NEW YORK, Oct. 21 (GenomeWeb News) - UNESCO -- the United Nations Educational, Scientific, and Cultural Organization -- adopted the International Declaration on Human Genetic Data at its General Conference meeting in Paris last week.
"Every effort should be made to ensure that human genetic data and human proteomic data are not used for purposes that discriminate in a way that is intended to infringe, or has the effect of infringing human rights, fundamental freedoms or human dignity of an individual or for purposes that lead to the stigmatization of an individual, a family, or a group or communities," reads one of the provisions of the declaration.
The declaration, which outlines ethical principles that should govern the collection, processing, storage, and use of human genetic data, was written in response to the growing number of national genetic banking projects, according to UNESCO. Because governments are turning to genetic data to resolve questions of paternity or criminal cases, common ethical guidelines needed to be defined. "I could never overstate the urgency with which we must adopt such a declaration, because every day brings more new experiments and initiatives, some of which could have irreversible consequences," said Koïchiro Matsuura, UNESCO director-general, in his speech to the General Conference on September 30.
The declaration is not a legally binding instrument, but was chosen instead of a convention "to facilitate consensus and allow for adaptations in a domain where the variety of situations covered, and the complexity of the subject, is constantly evolving with new scientific discoveries," according to a UNESCO statement.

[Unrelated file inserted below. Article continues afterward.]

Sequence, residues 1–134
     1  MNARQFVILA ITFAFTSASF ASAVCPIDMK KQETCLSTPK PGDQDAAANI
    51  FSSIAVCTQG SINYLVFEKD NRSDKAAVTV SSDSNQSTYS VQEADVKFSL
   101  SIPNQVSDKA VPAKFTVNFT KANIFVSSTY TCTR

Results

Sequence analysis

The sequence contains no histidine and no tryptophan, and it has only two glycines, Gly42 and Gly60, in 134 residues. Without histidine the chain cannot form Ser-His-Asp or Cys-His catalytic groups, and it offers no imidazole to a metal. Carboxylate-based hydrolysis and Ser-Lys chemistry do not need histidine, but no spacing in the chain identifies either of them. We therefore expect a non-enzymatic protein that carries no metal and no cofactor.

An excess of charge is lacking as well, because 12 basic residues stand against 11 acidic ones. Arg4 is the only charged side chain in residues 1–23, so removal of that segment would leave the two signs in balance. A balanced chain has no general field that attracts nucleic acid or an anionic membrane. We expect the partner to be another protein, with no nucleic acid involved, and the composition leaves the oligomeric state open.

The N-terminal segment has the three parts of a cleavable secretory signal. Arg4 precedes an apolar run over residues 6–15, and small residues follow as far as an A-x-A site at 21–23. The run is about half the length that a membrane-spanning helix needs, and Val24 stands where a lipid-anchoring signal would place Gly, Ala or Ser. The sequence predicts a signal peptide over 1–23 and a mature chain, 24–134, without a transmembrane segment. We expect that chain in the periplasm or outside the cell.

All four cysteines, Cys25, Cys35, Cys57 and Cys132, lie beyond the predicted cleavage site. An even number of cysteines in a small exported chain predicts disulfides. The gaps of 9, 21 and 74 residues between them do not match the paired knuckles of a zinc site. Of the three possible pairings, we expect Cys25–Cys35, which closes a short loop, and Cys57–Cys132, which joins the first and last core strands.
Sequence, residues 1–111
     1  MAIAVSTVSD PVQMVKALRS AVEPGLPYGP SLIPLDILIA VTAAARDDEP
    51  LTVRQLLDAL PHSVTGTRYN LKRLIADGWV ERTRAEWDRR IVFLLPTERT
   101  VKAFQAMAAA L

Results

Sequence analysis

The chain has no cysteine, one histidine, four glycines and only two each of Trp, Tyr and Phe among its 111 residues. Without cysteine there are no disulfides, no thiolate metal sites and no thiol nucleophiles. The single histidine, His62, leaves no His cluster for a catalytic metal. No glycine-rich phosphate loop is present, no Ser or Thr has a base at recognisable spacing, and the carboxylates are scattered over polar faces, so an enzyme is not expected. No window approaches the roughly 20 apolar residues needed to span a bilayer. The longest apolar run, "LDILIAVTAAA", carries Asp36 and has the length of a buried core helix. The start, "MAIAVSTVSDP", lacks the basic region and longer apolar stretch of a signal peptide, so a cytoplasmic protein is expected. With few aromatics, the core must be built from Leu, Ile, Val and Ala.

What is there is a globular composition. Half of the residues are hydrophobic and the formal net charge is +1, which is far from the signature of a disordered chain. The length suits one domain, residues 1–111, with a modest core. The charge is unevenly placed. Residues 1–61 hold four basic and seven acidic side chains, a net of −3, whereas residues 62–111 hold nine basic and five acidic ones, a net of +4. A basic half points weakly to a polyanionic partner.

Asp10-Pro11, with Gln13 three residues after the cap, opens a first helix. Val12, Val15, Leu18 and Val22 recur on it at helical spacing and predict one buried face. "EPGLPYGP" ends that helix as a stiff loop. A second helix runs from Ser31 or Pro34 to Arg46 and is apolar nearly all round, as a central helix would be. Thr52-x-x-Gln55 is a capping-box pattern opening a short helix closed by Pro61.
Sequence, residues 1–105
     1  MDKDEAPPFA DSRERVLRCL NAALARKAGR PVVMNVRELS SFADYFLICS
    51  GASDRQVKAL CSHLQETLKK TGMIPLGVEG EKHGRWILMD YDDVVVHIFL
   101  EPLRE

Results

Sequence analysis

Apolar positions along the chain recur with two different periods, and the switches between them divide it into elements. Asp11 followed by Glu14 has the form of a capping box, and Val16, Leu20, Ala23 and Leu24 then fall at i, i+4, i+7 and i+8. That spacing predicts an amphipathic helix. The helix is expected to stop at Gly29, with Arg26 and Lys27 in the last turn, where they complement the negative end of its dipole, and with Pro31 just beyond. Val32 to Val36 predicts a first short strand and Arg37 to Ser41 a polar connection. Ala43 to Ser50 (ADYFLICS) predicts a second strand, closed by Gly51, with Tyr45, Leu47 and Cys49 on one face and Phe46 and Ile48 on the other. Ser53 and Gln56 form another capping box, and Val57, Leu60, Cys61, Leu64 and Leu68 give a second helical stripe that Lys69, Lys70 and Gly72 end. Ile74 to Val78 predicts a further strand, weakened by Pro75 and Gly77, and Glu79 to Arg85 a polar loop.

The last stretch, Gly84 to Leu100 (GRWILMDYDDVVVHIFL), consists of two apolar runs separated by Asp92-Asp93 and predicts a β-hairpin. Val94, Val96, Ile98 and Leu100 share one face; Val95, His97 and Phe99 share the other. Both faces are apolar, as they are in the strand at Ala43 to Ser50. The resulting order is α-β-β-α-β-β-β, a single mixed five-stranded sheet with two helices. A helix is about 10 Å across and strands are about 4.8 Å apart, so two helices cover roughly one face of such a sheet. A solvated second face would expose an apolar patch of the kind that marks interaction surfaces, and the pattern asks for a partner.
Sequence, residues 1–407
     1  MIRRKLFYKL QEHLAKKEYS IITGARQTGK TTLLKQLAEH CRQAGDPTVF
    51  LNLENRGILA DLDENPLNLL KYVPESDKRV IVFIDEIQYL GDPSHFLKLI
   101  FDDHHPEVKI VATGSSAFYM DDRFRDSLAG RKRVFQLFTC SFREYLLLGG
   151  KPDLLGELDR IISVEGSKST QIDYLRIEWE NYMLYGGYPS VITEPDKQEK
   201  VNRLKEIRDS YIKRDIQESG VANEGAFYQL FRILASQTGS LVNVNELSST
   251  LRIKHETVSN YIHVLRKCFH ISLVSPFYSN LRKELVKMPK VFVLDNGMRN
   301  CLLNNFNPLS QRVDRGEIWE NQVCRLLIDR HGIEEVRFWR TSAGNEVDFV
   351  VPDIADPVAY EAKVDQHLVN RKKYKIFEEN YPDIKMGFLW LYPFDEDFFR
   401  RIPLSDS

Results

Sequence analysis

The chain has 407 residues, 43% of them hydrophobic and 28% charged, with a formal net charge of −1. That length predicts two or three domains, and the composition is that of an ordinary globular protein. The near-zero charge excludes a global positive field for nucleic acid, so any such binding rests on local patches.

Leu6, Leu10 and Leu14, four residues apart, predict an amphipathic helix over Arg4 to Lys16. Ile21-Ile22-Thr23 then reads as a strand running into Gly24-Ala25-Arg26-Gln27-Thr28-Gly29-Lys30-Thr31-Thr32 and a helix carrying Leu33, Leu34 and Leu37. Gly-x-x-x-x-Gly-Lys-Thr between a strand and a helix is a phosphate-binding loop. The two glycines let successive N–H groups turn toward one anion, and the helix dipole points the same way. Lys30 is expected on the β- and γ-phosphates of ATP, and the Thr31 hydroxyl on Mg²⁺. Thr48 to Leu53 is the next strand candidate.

According to the declaration, "Each individual has a characteristic genetic makeup. Nevertheless, a person's identity should not be reduced to genetic characteristics, since it involves complex educational, environmental and personal factors and emotional, social, spiritual and cultural bonds with others and implies a dimension of freedom."
The Declaration also calls for collecting, treating, using, and storing genetic data using transparent and ethically acceptable procedures. It proposes that independent, multidisciplinary ethics committees be established at national, regional, local, or institutional levels.
At the collection stage, the declaration emphasizes "prior, free, informed and express consent, without inducement by financial or other personal gain" of the person providing the data. At the processing stage, the declaration recommends that genetic data linked to an identifiable person not be disclosed nor made accessible to third parties -- in particular, employers, insurance companies, educational institutions, or families -- except for "an important public interest reason in cases restrictively provided for by domestic law that is consistent with the international law of human rights."
The declaration also notes that data collected for one purpose should not be used for a different purpose that is incompatible with the original consent.
The full text of the declaration is available here.